What you have to compute is the auto-correlation of the two signals, when this function reaches its maximum, the emitter has to be somewhere in the plane ( provided the two detectors have a synchronous read out). You don't have to compute that by yourself. There are circuits around that can perform the task with MHz bandwidth (you can actually just mix the analog signals of the detectors).
The signal from the plane must be varying in time in order to make that scheme work (like in the case of GPS). It could be also a low coherence source that only "interferes" when it is in phase.

Last edited by RetoF3X; Jun 29, 2009 at 06:17 AM.
Jun 29, 2009, 06:51 AM
Thermal Wrangler
DrFragnasty's Avatar


Thanks for the contact Mick, ditto the AMB transponder info Polar Bear...worth a look even if the system is optimised for ground level activity.

Ken has lots of valid points; expecially the reliability issue in a competition in all-weather. The laser option is interesting since the latency for the optics is negligible.

The laser detection would need reflectors on the aircraft so that an unrestriced view for all angles would be presented; top/ bottom/ both sides; maybe reflective tape on nose/ boom/ tips but then how would the reflected laser hit a ground-based receiver when it could just be reflected into space?

My gut feeling still goes with radio freqs/ 2 to 4 GgHz microwaves since it's omni-directional and assuming it's mounted on the glider it presents a signal almost regardless of atitude.

Reto...I'm still studying your idea...where is the glider in your diagram? ;0)

Last edited by DrFragnasty; Jun 29, 2009 at 06:55 AM. Reason: animal logic tidy-up
Jun 29, 2009, 06:59 AM
F3B and F3K
RetoF3X's Avatar
Hi Chris

No glider in the drawing yet. The emitter or the source of the signal originates from the glider. The black dots just illustrate the position of an emitter and that is what we want to localise.
Maybe I was too mathematical. Just place a source wherever you want in that plane. The two detectors will detect the same signal with the same time lag just by geometrical reasons (you can draw it in 2D and connect some points to understand it).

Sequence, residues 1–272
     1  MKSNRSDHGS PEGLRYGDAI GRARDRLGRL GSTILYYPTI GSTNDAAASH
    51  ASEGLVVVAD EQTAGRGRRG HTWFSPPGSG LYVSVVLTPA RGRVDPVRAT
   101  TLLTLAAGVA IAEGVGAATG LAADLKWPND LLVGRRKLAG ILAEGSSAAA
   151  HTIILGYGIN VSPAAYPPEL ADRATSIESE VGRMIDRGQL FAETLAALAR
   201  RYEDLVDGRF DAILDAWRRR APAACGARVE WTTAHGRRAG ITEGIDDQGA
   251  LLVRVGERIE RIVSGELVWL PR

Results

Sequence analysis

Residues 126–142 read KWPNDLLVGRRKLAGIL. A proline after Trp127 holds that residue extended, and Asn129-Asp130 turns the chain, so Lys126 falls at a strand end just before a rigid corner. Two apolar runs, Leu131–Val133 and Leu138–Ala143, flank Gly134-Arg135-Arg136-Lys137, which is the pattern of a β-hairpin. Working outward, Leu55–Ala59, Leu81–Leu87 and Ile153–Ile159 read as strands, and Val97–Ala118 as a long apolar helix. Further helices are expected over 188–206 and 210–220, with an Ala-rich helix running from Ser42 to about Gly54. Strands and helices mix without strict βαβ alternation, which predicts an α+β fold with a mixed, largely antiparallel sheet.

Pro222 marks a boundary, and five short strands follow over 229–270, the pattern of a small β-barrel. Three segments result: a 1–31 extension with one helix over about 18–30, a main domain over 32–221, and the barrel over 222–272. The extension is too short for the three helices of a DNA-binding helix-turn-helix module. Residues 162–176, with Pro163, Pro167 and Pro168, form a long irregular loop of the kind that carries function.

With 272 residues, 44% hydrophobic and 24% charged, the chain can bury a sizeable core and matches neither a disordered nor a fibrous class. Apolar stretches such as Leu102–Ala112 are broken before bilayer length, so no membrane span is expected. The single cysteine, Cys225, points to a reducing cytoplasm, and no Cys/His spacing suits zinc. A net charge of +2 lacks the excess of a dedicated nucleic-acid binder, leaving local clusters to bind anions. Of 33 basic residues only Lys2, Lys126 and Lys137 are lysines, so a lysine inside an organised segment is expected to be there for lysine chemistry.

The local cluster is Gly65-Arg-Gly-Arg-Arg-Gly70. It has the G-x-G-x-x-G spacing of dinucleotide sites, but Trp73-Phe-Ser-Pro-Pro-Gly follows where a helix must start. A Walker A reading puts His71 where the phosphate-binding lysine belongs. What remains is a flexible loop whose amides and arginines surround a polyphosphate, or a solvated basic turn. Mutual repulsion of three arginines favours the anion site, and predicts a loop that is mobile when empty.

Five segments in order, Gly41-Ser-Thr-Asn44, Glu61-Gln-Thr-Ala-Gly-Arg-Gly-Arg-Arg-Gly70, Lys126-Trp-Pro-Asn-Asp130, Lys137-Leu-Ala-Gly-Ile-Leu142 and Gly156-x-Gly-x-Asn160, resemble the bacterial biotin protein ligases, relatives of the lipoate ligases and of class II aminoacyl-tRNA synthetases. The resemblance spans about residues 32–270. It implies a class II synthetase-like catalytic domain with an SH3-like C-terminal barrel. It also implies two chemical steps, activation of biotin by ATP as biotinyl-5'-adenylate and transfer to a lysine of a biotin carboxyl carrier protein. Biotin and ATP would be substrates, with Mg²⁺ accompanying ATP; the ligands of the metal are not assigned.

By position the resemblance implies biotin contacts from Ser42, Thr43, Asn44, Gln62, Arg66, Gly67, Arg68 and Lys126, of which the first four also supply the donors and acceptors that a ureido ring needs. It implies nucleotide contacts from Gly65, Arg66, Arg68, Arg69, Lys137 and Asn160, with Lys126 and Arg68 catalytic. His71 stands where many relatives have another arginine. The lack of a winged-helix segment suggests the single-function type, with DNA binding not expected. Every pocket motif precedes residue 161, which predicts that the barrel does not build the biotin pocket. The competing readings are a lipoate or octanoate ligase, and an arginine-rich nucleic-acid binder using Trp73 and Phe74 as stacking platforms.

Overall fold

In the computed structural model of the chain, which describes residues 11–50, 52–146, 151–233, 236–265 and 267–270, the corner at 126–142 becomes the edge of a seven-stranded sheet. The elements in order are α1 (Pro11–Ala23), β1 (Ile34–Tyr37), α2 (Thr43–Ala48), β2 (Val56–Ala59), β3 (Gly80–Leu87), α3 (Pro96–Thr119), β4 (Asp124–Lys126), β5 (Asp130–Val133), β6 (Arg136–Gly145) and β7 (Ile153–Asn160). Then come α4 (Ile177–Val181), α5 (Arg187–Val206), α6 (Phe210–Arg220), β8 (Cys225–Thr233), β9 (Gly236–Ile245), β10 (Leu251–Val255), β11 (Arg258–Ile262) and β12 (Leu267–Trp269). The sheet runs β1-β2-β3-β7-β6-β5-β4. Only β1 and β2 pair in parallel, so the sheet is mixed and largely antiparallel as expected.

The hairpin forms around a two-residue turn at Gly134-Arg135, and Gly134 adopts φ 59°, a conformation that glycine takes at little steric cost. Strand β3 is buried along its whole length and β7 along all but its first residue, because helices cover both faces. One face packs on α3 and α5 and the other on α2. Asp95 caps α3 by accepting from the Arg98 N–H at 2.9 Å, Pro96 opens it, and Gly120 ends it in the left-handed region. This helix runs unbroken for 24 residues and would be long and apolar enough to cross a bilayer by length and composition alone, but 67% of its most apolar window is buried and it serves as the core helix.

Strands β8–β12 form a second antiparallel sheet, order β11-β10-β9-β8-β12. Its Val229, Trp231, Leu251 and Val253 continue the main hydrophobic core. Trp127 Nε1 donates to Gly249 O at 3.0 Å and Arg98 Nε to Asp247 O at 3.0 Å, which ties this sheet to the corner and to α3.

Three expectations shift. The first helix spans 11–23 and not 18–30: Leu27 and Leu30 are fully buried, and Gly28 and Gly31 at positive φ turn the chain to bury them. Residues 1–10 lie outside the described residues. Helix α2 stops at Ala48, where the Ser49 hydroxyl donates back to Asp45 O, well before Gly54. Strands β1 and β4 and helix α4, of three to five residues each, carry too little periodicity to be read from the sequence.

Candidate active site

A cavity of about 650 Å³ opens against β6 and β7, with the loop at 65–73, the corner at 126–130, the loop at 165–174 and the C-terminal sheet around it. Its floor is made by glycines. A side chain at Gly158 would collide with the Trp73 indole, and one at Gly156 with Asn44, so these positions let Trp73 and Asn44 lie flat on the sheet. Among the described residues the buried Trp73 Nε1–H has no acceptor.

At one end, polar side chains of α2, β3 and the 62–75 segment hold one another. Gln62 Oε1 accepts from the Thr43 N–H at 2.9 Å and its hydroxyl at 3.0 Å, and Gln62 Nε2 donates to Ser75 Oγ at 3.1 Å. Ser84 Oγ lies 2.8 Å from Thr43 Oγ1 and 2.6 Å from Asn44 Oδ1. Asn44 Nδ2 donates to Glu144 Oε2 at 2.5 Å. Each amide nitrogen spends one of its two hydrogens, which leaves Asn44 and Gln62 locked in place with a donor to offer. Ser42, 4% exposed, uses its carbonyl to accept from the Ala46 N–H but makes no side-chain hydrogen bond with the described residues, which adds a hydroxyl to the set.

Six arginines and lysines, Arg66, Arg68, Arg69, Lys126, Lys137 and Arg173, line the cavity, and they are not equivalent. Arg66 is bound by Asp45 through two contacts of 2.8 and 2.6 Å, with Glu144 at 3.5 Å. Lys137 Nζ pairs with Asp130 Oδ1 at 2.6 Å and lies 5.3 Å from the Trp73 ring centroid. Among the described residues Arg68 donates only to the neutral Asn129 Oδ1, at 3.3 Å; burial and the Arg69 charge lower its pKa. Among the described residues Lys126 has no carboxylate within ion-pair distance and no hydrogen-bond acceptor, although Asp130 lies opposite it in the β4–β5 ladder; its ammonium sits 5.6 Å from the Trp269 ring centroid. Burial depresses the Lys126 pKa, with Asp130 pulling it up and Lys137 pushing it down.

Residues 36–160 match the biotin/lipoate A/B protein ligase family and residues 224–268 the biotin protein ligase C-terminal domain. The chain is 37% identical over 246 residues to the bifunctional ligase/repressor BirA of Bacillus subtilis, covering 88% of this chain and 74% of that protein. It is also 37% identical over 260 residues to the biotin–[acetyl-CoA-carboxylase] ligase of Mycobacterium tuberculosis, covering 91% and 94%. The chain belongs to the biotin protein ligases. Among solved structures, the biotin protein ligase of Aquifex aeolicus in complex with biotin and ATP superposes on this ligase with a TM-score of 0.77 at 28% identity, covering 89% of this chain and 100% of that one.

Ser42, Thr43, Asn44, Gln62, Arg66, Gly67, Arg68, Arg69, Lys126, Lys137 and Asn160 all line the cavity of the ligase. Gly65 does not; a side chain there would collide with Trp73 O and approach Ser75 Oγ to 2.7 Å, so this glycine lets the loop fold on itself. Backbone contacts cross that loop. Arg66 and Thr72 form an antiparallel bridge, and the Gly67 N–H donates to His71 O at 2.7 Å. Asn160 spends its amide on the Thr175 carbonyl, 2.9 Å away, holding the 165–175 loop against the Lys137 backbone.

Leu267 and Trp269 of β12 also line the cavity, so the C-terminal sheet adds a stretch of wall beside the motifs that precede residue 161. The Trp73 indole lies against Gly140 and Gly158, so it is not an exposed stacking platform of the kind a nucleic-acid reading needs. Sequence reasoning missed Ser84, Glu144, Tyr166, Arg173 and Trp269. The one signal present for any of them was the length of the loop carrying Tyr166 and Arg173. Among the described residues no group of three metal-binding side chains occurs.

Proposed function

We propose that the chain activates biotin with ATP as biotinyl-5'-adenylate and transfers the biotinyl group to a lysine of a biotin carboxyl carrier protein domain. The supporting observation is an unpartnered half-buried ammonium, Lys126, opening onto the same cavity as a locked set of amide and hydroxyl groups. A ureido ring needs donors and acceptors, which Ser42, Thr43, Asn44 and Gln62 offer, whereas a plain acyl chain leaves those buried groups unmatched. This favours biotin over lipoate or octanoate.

The rest is just the math and some signal processing to evaluate if the signals are "in-phase" or not. My suggestion reduces the general 3D localisation problem to a 1D problem (which is the case here, we just need one coordinate, say the x-axis to be localised. The height z and the lateral position y is not relevant. We just need to know if the plane is on the turning plane or not).

You could use microwaves for the source, the signal just has to be varying in time, as mentioned.

Last edited by RetoF3X; Jun 29, 2009 at 07:06 AM.
Jun 29, 2009, 07:17 AM
Thermal Wrangler
DrFragnasty's Avatar
Like this?
Jun 29, 2009, 08:00 AM
F3B and F3K
RetoF3X's Avatar
Hi Chris

Yes this is more or less what I am suggesting. For clarity (to avoid confusion, the signal is emitted from the F3B-plane), one could also draw a glider in the plane of Base A and B. From your drawing it should be obvious now that if a signal is emitted from the current position of the schematic glider, it will result in different time lags/phase of the signal arriving at the different detectors.

For the guys working in optics this is quite a familiar problem, in some research they are mixing the signals from two detectors that measure the same photon source. Thereby they can calculate the correlation function. That framework should also apply for our localisation problem.

Last edited by RetoF3X; Jun 29, 2009 at 08:18 AM.